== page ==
Change the Conversation.


When doing research for this post and reading through Colin Kaepernick’s 18 minute post-game transcript explaining why he sat for the American national anthem, the murder of Terence Crutcher appeared on my Twitter feed. It’s impossible for me to know what it’s like to be black and fear my car breaking down. The best I can do is read and listen. It’s still painful knowing Terence Crutcher’s death is senseless. The continued acts of police brutality throughout the United States of America are why Colin Kaepernick chose to protest in the first place.

While I was initially impressed with Kaepernick’s exploits in Super Bowl XLVII, his anthem protest is bigger than anything he does on the football field. Initially, Colin chose to sit during The Star-Spangled Banner but amended his stance to kneeling after a 90 minute conversation with teammate Eric Reid and former Green Beret and NFL player Nate Boyer. Colin wanted to make it clear that insulting the military was not his intention but reiterated that he is uncomfortable standing during the anthem without seeing tangible change.

Despite clearly outlining what he intends to accomplish by taking a knee, there are still many detractors who question Kaepernick’s motives. From a former NFL quarterback telling him that he’s “a backup quarterback whose job is to be quiet, and sit in the shadows,” another former NFLer saying “he’s not black,” or a current MLB athlete being downright ignorant, these statements are all problematic and don’t advance conversation about the issue. There is a bigger, more important conversation to be had than football. For the people who think that Kaepernick is simply trying to resurrect his career through off-the-field antics, I disagree. He is taking a much greater risk by speaking out due to the nature of unguaranteed contracts in the NFL and his tenuous position as a backup quarterback. It baffles me that there is more outrage over kneeling during the national anthem than the deaths of unarmed black men.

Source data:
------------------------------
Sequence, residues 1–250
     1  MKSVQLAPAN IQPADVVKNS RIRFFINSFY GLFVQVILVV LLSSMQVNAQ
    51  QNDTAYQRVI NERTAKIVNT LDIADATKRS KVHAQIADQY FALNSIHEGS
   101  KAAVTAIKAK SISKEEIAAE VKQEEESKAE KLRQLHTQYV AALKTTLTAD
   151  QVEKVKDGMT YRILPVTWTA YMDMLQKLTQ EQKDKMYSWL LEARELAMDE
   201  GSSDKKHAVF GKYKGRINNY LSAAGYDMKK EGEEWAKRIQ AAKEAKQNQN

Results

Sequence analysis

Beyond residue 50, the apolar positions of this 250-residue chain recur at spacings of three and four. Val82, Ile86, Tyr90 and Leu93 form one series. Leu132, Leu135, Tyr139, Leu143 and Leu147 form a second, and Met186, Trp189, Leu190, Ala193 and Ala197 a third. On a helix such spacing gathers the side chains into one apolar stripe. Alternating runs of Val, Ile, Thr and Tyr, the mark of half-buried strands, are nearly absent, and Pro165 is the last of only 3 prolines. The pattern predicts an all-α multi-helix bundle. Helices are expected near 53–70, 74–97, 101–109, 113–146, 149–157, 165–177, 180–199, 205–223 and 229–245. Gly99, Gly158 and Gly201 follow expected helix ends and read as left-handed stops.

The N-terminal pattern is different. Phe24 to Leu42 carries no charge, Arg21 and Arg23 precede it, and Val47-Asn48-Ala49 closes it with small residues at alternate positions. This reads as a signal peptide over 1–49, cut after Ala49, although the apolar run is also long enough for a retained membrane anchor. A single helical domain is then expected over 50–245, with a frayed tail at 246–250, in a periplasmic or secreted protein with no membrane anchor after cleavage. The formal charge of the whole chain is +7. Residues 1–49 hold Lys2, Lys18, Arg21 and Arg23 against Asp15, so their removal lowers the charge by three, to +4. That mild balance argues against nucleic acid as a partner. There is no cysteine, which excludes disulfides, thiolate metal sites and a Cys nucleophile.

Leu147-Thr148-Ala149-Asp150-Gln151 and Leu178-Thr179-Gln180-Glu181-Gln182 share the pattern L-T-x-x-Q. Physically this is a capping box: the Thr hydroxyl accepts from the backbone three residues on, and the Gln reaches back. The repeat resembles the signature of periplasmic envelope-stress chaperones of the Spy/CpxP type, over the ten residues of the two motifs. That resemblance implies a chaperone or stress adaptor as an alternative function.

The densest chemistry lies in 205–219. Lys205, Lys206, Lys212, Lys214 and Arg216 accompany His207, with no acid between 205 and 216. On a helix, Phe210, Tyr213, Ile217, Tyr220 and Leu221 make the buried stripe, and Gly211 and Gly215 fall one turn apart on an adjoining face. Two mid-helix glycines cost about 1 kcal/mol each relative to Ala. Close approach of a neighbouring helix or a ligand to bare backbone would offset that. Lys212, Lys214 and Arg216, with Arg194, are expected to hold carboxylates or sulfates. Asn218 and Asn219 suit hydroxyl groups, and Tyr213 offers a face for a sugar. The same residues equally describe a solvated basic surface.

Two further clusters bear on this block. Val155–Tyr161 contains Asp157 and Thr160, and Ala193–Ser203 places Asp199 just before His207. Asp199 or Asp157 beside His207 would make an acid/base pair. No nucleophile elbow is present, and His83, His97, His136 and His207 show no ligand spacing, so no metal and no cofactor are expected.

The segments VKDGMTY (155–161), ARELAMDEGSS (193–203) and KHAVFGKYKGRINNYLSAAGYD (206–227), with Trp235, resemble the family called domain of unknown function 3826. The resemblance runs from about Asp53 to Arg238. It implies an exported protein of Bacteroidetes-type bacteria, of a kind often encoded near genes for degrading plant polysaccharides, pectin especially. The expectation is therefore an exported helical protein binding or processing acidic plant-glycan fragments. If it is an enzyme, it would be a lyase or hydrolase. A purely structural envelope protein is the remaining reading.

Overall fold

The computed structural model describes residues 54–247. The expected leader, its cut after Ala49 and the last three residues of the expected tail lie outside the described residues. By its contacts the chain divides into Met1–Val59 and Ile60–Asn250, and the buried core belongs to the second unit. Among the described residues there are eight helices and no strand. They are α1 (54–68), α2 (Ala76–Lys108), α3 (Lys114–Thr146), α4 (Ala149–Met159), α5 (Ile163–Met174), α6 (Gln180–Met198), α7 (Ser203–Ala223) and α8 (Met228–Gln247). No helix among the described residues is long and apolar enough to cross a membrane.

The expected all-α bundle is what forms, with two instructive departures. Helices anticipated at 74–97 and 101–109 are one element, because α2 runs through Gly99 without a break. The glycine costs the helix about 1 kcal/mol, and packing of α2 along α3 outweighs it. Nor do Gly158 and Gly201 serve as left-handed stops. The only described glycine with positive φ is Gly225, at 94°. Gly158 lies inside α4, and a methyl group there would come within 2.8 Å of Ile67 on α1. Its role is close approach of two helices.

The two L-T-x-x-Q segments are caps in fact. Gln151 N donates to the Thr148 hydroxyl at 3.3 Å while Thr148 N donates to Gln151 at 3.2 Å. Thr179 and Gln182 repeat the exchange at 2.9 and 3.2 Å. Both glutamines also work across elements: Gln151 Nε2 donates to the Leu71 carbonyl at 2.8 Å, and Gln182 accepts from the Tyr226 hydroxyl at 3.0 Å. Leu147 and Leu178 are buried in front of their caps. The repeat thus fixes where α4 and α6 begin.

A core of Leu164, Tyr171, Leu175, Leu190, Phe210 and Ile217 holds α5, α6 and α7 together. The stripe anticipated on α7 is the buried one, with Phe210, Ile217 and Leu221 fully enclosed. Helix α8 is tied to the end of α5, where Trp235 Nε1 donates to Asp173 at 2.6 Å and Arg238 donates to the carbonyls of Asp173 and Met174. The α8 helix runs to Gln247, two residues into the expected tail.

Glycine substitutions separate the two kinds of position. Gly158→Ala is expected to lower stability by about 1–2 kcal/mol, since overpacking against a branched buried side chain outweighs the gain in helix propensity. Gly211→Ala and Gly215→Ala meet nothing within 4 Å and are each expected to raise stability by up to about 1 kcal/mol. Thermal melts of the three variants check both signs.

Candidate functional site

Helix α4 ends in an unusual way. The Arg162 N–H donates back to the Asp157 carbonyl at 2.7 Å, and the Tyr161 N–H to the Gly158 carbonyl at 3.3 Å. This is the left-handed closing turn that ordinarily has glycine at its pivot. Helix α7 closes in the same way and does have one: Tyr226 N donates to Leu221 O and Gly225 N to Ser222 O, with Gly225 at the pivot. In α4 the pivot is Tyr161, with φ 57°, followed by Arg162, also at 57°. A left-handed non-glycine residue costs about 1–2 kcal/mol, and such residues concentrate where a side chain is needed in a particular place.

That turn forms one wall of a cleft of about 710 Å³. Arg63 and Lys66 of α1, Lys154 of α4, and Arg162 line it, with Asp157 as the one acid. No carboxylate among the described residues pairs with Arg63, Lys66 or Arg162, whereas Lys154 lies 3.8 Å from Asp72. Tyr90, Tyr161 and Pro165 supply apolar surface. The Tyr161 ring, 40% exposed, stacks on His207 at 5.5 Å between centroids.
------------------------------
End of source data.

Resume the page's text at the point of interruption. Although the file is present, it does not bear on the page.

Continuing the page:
Kaepernick and the 49ers organization have both pledged $1 million each to organizations that will help foster positive change regarding racial and economic disparity and build relationships between communities and law enforcement. Colin having the support of 49ers owner Jed York is a positive development for socially conscious athletes and has already encouraged more to come forward. Being part of the multibillion dollar NFL, Kaepernick recognized the magnitude of his platform and sought to make people feel uncomfortable on a grand stage to provoke meaningful and much needed conversations.

Oakland A’s pitcher Sean Dolittle, spoke to the lack of social activism in the MLB:

As far as “I Can’t Breathe” or “Black Lives Matter” or the Kaepernick anthem demonstration, I feel uncomfortable speaking to that. I’d rather listen. Here are the facts though: The league is composed of over 60 percent white men. When so much of the league has a background or comes from a place where there might be more privilege and opportunity, it’s very difficult to relate to something they have never seen nor experienced. That’s human nature. People are slower to educate themselves and be informed about something if they have never experienced it. They might even downplay the level at which those problems exist. But that certainly doesn’t let people off the hook. My only experiences with police are when they stand guard in our bullpen or when they escort us to the airport. No one has ever questioned my legitimacy as a citizen or a homeowner or a pedestrian. But I can’t pretend it doesn’t happen just because it has never happened to me. If we are willing to have an open mind and empathize rather than immediately getting defensive, then maybe we can start a far more constructive dialogue that hopefully leads to addressing these problems.